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A Natural-Like Synthetic Small Molecule Impairs Bcr-Abl Signaling Cascades and Induces Megakaryocyte Differentiation in Erythroleukemia Cells

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A Natural-Like Synthetic Small Molecule Impairs Bcr-Abl Signaling Cascades and Induces Megakaryocyte Differentiation in Erythroleukemia Cells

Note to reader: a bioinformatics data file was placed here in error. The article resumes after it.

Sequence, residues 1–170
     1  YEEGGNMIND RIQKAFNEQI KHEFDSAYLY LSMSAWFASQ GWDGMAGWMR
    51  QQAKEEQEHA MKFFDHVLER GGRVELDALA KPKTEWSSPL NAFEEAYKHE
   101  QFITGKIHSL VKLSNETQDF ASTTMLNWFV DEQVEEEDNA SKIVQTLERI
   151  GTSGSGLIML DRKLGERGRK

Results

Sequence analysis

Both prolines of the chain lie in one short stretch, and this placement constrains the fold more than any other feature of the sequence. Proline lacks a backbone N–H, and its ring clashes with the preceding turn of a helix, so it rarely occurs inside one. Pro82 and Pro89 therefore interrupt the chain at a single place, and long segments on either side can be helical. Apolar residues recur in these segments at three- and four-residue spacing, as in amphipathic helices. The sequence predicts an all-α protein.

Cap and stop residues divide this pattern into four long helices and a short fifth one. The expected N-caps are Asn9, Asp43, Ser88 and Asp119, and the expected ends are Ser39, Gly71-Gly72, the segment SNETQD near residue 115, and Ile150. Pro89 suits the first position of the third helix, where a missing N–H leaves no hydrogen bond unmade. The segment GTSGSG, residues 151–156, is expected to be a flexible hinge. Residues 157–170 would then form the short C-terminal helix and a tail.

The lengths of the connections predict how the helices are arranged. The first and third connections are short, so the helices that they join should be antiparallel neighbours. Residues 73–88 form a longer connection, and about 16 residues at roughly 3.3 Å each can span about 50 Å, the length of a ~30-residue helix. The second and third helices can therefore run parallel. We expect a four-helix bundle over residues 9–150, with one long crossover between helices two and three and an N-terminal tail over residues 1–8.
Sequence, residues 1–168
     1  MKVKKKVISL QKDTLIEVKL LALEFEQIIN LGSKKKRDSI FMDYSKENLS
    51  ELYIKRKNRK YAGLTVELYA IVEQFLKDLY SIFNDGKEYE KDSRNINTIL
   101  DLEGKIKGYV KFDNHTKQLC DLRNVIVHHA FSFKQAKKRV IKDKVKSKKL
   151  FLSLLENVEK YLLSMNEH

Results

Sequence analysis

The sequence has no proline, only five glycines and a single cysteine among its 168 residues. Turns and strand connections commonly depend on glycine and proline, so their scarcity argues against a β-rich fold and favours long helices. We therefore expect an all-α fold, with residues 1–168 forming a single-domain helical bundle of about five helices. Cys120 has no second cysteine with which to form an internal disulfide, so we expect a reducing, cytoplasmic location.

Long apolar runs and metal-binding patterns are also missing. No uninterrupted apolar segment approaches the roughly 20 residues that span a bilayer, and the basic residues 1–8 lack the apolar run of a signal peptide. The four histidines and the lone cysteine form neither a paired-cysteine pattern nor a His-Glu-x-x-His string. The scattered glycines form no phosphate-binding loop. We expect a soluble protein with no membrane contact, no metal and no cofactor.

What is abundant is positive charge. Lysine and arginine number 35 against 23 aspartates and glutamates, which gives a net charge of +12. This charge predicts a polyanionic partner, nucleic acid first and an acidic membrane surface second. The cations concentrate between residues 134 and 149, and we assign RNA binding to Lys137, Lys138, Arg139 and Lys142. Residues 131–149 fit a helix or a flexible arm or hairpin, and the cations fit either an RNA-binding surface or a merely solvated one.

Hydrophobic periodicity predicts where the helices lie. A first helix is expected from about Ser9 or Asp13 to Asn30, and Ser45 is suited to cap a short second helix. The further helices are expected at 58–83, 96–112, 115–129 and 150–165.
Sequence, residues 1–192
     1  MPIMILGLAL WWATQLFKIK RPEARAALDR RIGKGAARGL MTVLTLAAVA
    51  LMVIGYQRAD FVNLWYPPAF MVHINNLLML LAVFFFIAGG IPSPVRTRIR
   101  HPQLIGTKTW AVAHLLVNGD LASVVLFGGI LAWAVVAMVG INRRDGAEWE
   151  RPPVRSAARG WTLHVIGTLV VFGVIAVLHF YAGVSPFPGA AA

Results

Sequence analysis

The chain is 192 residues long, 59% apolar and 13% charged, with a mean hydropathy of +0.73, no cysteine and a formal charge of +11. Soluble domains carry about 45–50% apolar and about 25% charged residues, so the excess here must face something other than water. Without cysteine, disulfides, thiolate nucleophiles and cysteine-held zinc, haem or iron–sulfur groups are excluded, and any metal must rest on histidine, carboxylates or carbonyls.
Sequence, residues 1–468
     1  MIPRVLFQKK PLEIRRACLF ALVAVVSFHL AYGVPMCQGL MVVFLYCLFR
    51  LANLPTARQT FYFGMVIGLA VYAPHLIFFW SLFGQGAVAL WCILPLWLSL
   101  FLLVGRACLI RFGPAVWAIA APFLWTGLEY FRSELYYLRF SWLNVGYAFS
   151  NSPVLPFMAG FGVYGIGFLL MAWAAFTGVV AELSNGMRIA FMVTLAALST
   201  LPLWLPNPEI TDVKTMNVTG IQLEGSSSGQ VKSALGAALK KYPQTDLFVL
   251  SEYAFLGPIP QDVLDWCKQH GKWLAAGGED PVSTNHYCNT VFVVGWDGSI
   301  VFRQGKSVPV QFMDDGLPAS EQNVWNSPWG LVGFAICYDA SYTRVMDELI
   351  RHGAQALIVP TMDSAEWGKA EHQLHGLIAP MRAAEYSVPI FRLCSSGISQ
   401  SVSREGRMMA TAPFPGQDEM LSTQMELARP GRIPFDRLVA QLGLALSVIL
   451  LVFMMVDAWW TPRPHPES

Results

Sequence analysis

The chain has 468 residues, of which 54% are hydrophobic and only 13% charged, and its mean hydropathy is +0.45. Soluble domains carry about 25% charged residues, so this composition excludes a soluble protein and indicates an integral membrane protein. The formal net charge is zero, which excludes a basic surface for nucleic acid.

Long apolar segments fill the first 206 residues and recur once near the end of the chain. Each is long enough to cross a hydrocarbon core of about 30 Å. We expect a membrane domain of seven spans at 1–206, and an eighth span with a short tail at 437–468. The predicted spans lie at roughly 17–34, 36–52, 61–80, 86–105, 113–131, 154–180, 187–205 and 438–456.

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  A Natural-Like Synthetic Small Molecule Impairs Bcr-AblSignaling Cascades and Induces MegakaryocyteDifferentiation in Erythroleukemia Cells Silvia Turroni 1 . , Manlio Tolomeo 2 . , Gianfranco Mamone 3 , Gianluca Picariello 3 , Elisa Giacomini 1 ,Patrizia Brigidi 1 , Marinella Roberti 1 * , Stefania Grimaudo 2 , Rosaria Maria Pipitone 2 , Antonietta DiCristina 2 , Maurizio Recanatini 1 1 Department of Pharmacy and Biotechnology, University of Bologna, Bologna, Italy,  2 Interdepartmental Center of Research in Clinical Oncology and Department of Infectious Diseases, University of Palermo, Palermo, Italy,  3 Institute of Food Science, CNR, Avellino, Italy Abstract Over the past years, we synthesized a series of new molecules that are hybrids of spirocyclic ketones as complexity-bearingcores with bi- and ter-phenyls as privileged fragments. Some of these newly-shaped small molecules showedantiproliferative, pro-apoptotic and differentiating activity in leukemia cell lines. In the present study, to investigate morein depth the mechanisms of action of these molecules, the protein expression profiles of K562 cells treated with or withoutthe compounds  IND_S1, MEL_T1, IND_S7  and  MEL_S3  were analyzed using two-dimensional gel electrophoresis coupledwith mass spectrometry. Proteome comparisons revealed several differentially expressed proteins, mainly related to cellularmetabolism, chaperone activity, cytoskeletal organization and RNA biogenesis. The major results were validated by Westernblot and qPCR. To attempt integrating findings into a cellular signaling context, proteomic data were explored usingMetaCore. Network analysis highlighted relevant relationships between the identified proteins and additional potentialeffectors. Notably, qPCR validation of central hubs showed that the compound  MEL_S3  induced high mRNA levels of thetranscriptional factors EGR1 and HNF4-alpha; the latter to our knowledge is reported here for the first time to be present inK562 cells. Consistently with the known EGR1 involvement in the regulation of differentiation along megakaryocyte lineage, MEL_S3 -treated leukemia cells showed a marked expression of glycoprotein IIb/IIIa (CD41) and glycoprotein Ib (CD42), twoimportant cell markers in megakaryocytic differentiation, together with morphological aspects of megakaryoblasts andmegakaryocytes. Citation:  Turroni S, Tolomeo M, Mamone G, Picariello G, Giacomini E, et al. (2013) A Natural-Like Synthetic Small Molecule Impairs Bcr-Abl Signaling Cascades andInduces Megakaryocyte Differentiation in Erythroleukemia Cells. PLoS ONE 8(2): e57650. doi:10.1371/journal.pone.0057650 Editor:  Francesco Bertolini, European Institute of Oncology, Italy Received  September 24, 2012;  Accepted  January 24, 2013;  Published  February 27, 2013 Copyright:    2013 Turroni et al. This is an open-access article distributed under the terms of the Creative Commons Attribution License, which permitsunrestricted use, distribution, and reproduction in any medium, provided the srcinal author and source are credited. Funding:  This work was supported by a PRIN2009 Project Grant from MiUR, Italy. The funders had no role in study design, data collection and analysis, decisionto publish, or preparation of the manuscript. Competing Interests:  The authors have declared that no competing interests exist.* E-mail: marinella.roberti@unibo.it .  These authors contributed equally to this work. Introduction Chronic myeloid leukemia (CML) is a myeloproliferativedisorder characterized by increased proliferation of the granulo-cytic cell line. The annual incidence is one or two cases per100,000 adults with a slight male predominance. Up to 95% of CML patients harbour the t(9;22)(q34;q11) chromosomal translo-cation, cytogenetically visible as the Philadelphia (Ph) chromo-some, which directs the expression of the constitutively activetyrosine kinase BCR-ABL. The chimeric BCR-ABL proteinactivates a variety of downstream effectors and signaling pathways,leading to growth factor-independent cell cycle progression, failureto differentiate, inhibition of apoptosis, alterations in cell-cell andcell-matrix interactions, and leukemogenesis [1].The management of CML has been revolutionized in 2001 bythe introduction of imatinib mesylate (Gleevec H  ), a potent tyrosinekinase inhibitor (TKI) rationally and specifically designed using thestructure of the ATP-binding pocket of the ABL protein kinase [2].Imatinib binds to and stabilizes the inactive form of BCR-ABL,blocking its autophosphorylation and downstream kinase activity.This induces hematologic, cytogenetic and molecular response inthe majority of CML patients, through inhibition of proliferationand triggering of apoptosis of BCR-ABL-expressing cells. Howev-er, clinical resistance develops frequently, particularly in acceler-ated phase and blastic crisis of CML. This has led to thedevelopment of second-generation BCR-ABL-targeting molecules,that have been proved to be effective in nearly all imatinib-resistant BCR-ABL-positive leukemias [3,4,5]. Nevertheless, mostof these new drugs do not work against leukemia cells bearing specific mutations [6,7]. Moreover, TKIs are ineffective in patientswho undergo blastic transformation, and unable to eradicate CMLat the stem cell level, underscoring the need to pursue noveltherapeutic strategies [6,8]. In this regard, differentiation induc-tion therapy has attracted universal attention as a promising approach to treat leukemia by turning abnormal cells back todifferentiate and cease proliferation. The best proof of principle forsuch an approach has been the treatment of acute promyelocyticleukemia with all- trans   retinoic acid [9]. Several attempts to PLOS ONE | www.plosone.org 1 February 2013 | Volume 8 | Issue 2 | e57650  emulate this success with other nuclear hormone ligands ordifferent classes of substances, such as hematopoietic cytokines orcompounds affecting the epigenetic landscape, have followed overthe years but remained rather modest and disappointing [10].Currently, research efforts are geared towards targeting signaling pathways that are chronically activated and critical for transfor-mation of leukemia cells, for example by manipulating thetranscription factors that govern the differentiation and lineagecommitment of hematopoietic progenitors [8,10,11].In this context, over the past years through an integratedchemical biological strategy, we obtained four natural-likesynthetic biphenyl and terphenyl compounds,  IND_S1 , MEL_T1 ,  IND_S7  and  MEL_S3  (Figure 1), able to interferewith the signaling cascades conferring apoptosis resistance anduncontrolled proliferation to BCR-ABL-expressing leukemia cells[12,13]. To investigate more in depth the mechanisms of action of these molecules we believed that a proteomic approach could be asuitable strategy. Proteomics is an evolving technology platformthat is gaining widespread use in drug discovery [14,15]. Commonapplications include target identification and validation, identifi-cation of molecular biomarkers and investigation into mechanismsof drug action or toxicity. In the present study, a comparativeproteomic approach based on two-dimensional gel electrophoresis(2-DE) and MALDI-TOF mass spectrometry was carried out todefine the protein expression profiles of   IND_S1 -,  MEL_T1 -, IND_S7 - and  MEL_S3 -treated and -untreated K562 cells. Themajor results were validated by Western blot and quantitativePCR (qPCR) analysis. Differentially expressed proteins werefurther investigated using MetaCore pathway analysis programto attempt integrating the findings into a cellular signaling context.The central hubs of significant subnetworks were verified byqPCR. With this strategy we identified several transcription factorsdysregulated at the mRNA level in K562 cells treated with the fourcompounds. Since most of them are known to be essential forhematopoiesis, the differentiation potential of the molecules wasexplored by immunofluorescence flow cytometry. Noteworthy, themolecule  MEL_S3  was able to induce megakaryocytic differen-tiation in K562 cells at a rate correlated to its ability to modulatethe expression of EGR1 gene, which is known to be involved inthis kind of differentiation [16]. Results Proteome Profiling of K562 Cells Treated with FourSynthetic Small Molecules To identify the proteins whose expression was responsive to thesynthetic small molecules  IND_S1, MEL_T1, IND_S7  and MEL_S3 , protein extracts from K562 cells grown for 24 h in thepresence or absence of 30  m M of each compound were subjectedto a 2-DE-based analysis. Representative silver-stained 2-DE gelsof control and treated K562 cells are shown in Figure S1. Onaverage, around 900 spots were detected on each analytical geland analyzed by PDQuest software. PCA was applied to the entire2-DE dataset to disclose differences in the protein patterns of K562 cells exposed to the four synthetic small molecules. As shownin the PCA plane of Figure 2A, the four compounds srcinatedfour fairly distinct groupings. PCA accounted for about 85% of thetotal variance (80 and 5% for PC1 and PC4 axes, respectively).Replicate 2-DE gels were closely grouped, indicating similarity inthe spot maps. In particular, samples from K562 cells treated with MEL_T1  were found closer together, suggesting less inter-gel variation respect to the other samples. K562 cells incubated with IND_S1  and  MEL_T1  showed no clear separation with eachother whereas, according to PC1, the largest difference existedbetween  IND_S7 - and  MEL_S3 -treated K562 cells and all theother samples. Analogously, the unsupervised SOM clusteranalysis offered a global view of the protein expression profiles.SOM is a specific architecture of artificial neural networks,consisting of a low-dimensional interconnected grid of neurons,which allow to partition input data into related subsets. As shownby the SOM component planes of Figure 2B, the treatment with IND_S1  and  MEL_T1  resulted in quite distinct connectionpatterns whereas the SOM outputs from  IND_S7 - and  MEL_S3 -treated K562 cells resembled each other, suggesting similar trendsin protein expression profiles. Interestingly, the main differencesamong the four compounds were visualized in the bottom left andright corners of the connection patterns, which may account formolecule-specific mechanisms of protein regulation.Multivariate analysis was complemented with the analysis of individual protein spots using Student’s t-test and the non-parametric Mann-Whitney test. Following these combinedapproaches, 74 spots were found to be significantly altered intheir protein abundance by at least two-fold between control andtreated K562 cells (  P  , 0.05). The largest number of differentiallyexpressed spots was achieved for K562 cells exposed to  IND_S7 and  MEL_S3 , with approximately the same number of up- anddown-regulated protein spots. Out of these differential spots, 49were in common and exhibited the same trend of expression.Interestingly, 27/74 (36.5%) spots increased (16 spots) ordecreased (11 spots) after treatment in all the 2-DE gels includedin the analysis set, suggesting the existence of non-specificmechanisms of action, common to the four synthetic smallmolecules. Conversely, contrasting variations in protein abun-dance among treated K562 cells were found for 19 spots, probablyrepresenting compound-specific proteomic signatures, which mayaccount for different biological effects. Differential spots wereclustered employing Ward’s minimum variance method over aPearson distance-based dissimilarity matrix (Figure 3). Replicategels were mostly grouped in separate subclusters or separated by ashort distance. As PCA and SOM analysis showed before, a cleardifference was observed between  IND_S7 - and  MEL_S3 -treatedK562 cells and all the other samples, suggesting that the majorchanges in protein expression took place after exposure to thesecompounds. Looking at the row clustering of the heat map,different expression dynamics of protein spots among the samplescould be distinguished. In particular, three main trends of expression were identified, the first related to proteins whoselevels were up-regulated in K562 cells incubated with  IND_S1 and  MEL_T1 , the second including protein spots that tended todecline in  IND_S7 - and  MEL_S3 -treated K562 cells and the lastdescribing those increasing after exposure to  IND_S7  and MEL_S3 .Interesting spots were excised from preparative gels for proteinidentification by MALDI-TOF MS analysis. Following a Mascotdatabase search using the acquired MS data, 34/74 (46%) proteinspots were identified, corresponding to 32 unique proteins(Table 1). Each identified protein was assigned to a cellularlocalization based on information from the Swiss-Prot and GOdatabases. As shown in Figure 4A, the majority were cytoplasmicand mitochondrion proteins. With the exception of enolase, whichis known to be localized also at the cell membrane level, nomembrane proteins were identified, possibly as a consequence of their general poor solubilization. The identified proteins werefurther grouped into different classes based on biological functionusing COG database (Figure 4B). Most of significantly modulatedproteins were related to cellular metabolism (41%). Chaperoneactivity accounted for 31% whereas 12% were categorized ashaving a major role in transcriptional regulation and signal A Small Molecule Induces K562 Cell DifferentiationPLOS ONE | www.plosone.org 2 February 2013 | Volume 8 | Issue 2 | e57650  transduction. Cytoskeletal proteins occupied 13% of the identifiedprotein set. Confirmation of Selected Differentially ExpressedProteins To independently evaluate the reliability of the proteomicresults, semi-quantitative Western blots were performed for threeproteins that exhibited moderate abundance changes in the 2-DEmaps. As shown in Figure 5, expression changes of HSP70 (spotno. 2) and Sti1 (spot no. 8) were generally consistent with 2-DEresults. For hnRNP L (spots no. 4, 5), even if the direction of theobserved variations using both methods was the same, themagnitude of the change was substantially different. In particular,analysis of densitometric values of the Western blot bandsassociated to hnRNP L from K562 cells exposed to  IND_S7 and  MEL_S3  revealed a down-regulation ranging from two- tothree-fold, in sharp contrast with the . 14-fold decrease found forspot no. 5. Considering that hnRNP L was detected on 2-DE gelsas two distinct spots along the horizontal axis, which may reflectpost-translational modification-induced charge alterations, suchdiscrepancies could suggest the modulation of a specific hnRNP L variant rather than the total protein level in  IND_S7 - and MEL_S3 -treated K562 cells.To determine whether these proteins were also dysregulated atthe transcriptional level, their mRNA transcripts were quantifiedby qPCR. PCR efficiency was close to 2 (within 75–107%) for allhousekeeping and target gene primers (Table S1). Correlationcoefficients were . 0.99. Assay reproducibility and reliability wereevaluated by repeating cDNA synthesis and qPCR two timesunder identical conditions. The intra-assay CVs were about 5%and 2% for cDNA synthesis and qPCR, respectively. The inter-replicate CVs were lower than 10%. Reference gene stability wasassessed using geNorm and NormFinder. Both algorithmsidentified TBP, GAPDH and BCR as the most stably expressedcontrol genes, whereas ABL was found to be the worst-scoring one(Table S2). Since the pairwise variation between two sequentialNFs containing an increasing number of genes was below thecutoff value of 0.15 [17], the three best-performing housekeeping genes were used as internal controls for geometric averaging. Therelative abundances of target gene transcripts were thus deter-mined following the normalization strategy outlined by Vande-sompele  et al.  (2002). For each selected protein the fold ratio of mRNA expression in treated K562 cells compared to controlsamples, which were arbitrarily set to 1, was estimated. ForHSP70, the mRNA regulation profiles were generally coinciding with the protein patterns. In particular, transcript levels weresignificantly reduced after 24-h treatment with all compoundsexcept for  IND_S1  (Figure 5A). Interestingly, such reduction wasmeasured already 6 h after exposure (data not shown). Conversely,the abundance of the transcript encoding Sti1 was constantthroughout the entire dataset but reached a three-fold lower levelafter 24-h exposure to  MEL_T1  compared to control (Figure 5B).hnRNP L mRNA expression was consistent with proteomic data,with a significant decrease only in  IND_S7 - and  MEL_S3 -treatedK562 cells (Figure 5C). Differently from HSP70, the transcrip-tional levels of hnRNP L gradually decreased over time (data notshown). Since a major role of hnRNP L in modulating thealternative splicing of caspase-9 has been recently demonstrated[18], caspase-9 mRNA expression was also measured. As shown inFigure S2, caspase-9 transcript levels were highly dysregulated,with a . 8-fold increase after  IND_S1  and  MEL_S3  exposure.To further verify proteomic results at the mRNA level, otherfive proteins were arbitrarily selected and subjected to qPCR(Figure S2). As expected, different correlation patterns betweenmRNA and protein abundance were identified. Similar trends of  variation were observed for HCOP9 (spot no. 30), whosetranscript levels significantly increased after 24-h treatment withall four synthetic small molecules. On the contrary, despite thewide variations at the protein level, HSPC117 (spot no. 9) andGLOD4 (spot no. 21) were found to be transcriptionally unaltered,suggesting that post-translational events contributed to the proteinchanges. An inverse correlation, with up-regulation of mRNA Figure 1. Synthetic natural-like biphenyl and terphenyl compounds. doi:10.1371/journal.pone.0057650.g001A Small Molecule Induces K562 Cell DifferentiationPLOS ONE | www.plosone.org 3 February 2013 | Volume 8 | Issue 2 | e57650  concurrent with down-regulation of protein expression wasobserved for vimentin (spot no. 14), probably reflecting degrada-tion events. Inconsistent results between 2-DE and qPCR analysiswere obtained for HAUS7 (spot no. 15). Network Analysis of Identified Proteins and Evaluation of Critical Protein Changes Using qPCR Pathways and networks that involved differentially expressedproteins from 2-DE gels were analyzed using MetaCore. Pathway Figure 2. Multivariate analysis of proteomic data.  (A) PCA plot of the expression profiles from K562 cells untreated (circles) and after 24-hexposure to  IND_S1  (triangles),  MEL_T1  (squares),  IND_S7  (diamonds),  MEL_S3  (crosses). Log-transformed data were used. Each symbolrepresents a 2-DE gel from each treatment group. First and fourth ordination axes are plotted explaining 80 and 5% of the overall variance in thedataset, respectively. (B) Visualization of the SOM component planes of proteome data for all treatment series. Ratios between expression levels inK562 cells treated with the four synthetic small molecules and control cells were calculated and log 2 -transformed. Each presentation illustrates theweights that connect each input to each of the artificial neurons, resulting in a sample-specific proteome-wide map (darker colors represent largerweights). All figures are linked by position: in each display, the hexagon in a certain position corresponds to the same map unit.doi:10.1371/journal.pone.0057650.g002A Small Molecule Induces K562 Cell DifferentiationPLOS ONE | www.plosone.org 4 February 2013 | Volume 8 | Issue 2 | e57650  Figure 3. Two-way hierarchical clustering of the 74 differentially expressed protein spots between K562 cells treated with the foursynthetic small molecules and control cells.  Pearson’s dissimilarity as distance measure and Ward’s method for linkage analysis were used. Log 2 ratios are color coded as indicated. Names of the identified protein spots are shown on the right (see Table 1).doi:10.1371/journal.pone.0057650.g003A Small Molecule Induces K562 Cell DifferentiationPLOS ONE | www.plosone.org 5 February 2013 | Volume 8 | Issue 2 | e57650